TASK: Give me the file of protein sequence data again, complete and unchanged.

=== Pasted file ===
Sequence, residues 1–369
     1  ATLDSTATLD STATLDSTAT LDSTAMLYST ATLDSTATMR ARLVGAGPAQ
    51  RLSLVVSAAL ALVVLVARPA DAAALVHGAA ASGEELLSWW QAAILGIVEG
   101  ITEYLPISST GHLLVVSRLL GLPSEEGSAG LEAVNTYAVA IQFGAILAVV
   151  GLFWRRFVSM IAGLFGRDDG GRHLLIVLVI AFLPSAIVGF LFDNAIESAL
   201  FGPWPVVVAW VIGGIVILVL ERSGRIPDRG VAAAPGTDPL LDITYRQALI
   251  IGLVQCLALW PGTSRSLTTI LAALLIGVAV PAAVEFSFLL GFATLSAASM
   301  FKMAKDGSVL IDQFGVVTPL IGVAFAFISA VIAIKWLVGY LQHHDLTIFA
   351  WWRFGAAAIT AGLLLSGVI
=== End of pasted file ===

Sequence, residues 1–369
     1  ATLDSTATLD STATLDSTAT LDSTAMLYST ATLDSTATMR ARLVGAGPAQ
    51  RLSLVVSAAL ALVVLVARPA DAAALVHGAA ASGEELLSWW QAAILGIVEG
   101  ITEYLPISST GHLLVVSRLL GLPSEEGSAG LEAVNTYAVA IQFGAILAVV
   151  GLFWRRFVSM IAGLFGRDDG GRHLLIVLVI AFLPSAIVGF LFDNAIESAL
   201  FGPWPVVVAW VIGGIVILVL ERSGRIPDRG VAAAPGTDPL LDITYRQALI
   251  IGLVQCLALW PGTSRSLTTI LAALLIGVAV PAAVEFSFLL GFATLSAASM
   301  FKMAKDGSVL IDQFGVVTPL IGVAFAFISA VIAIKWLVGY LQHHDLTIFA
   351  WWRFGAAAIT AGLLLSGVI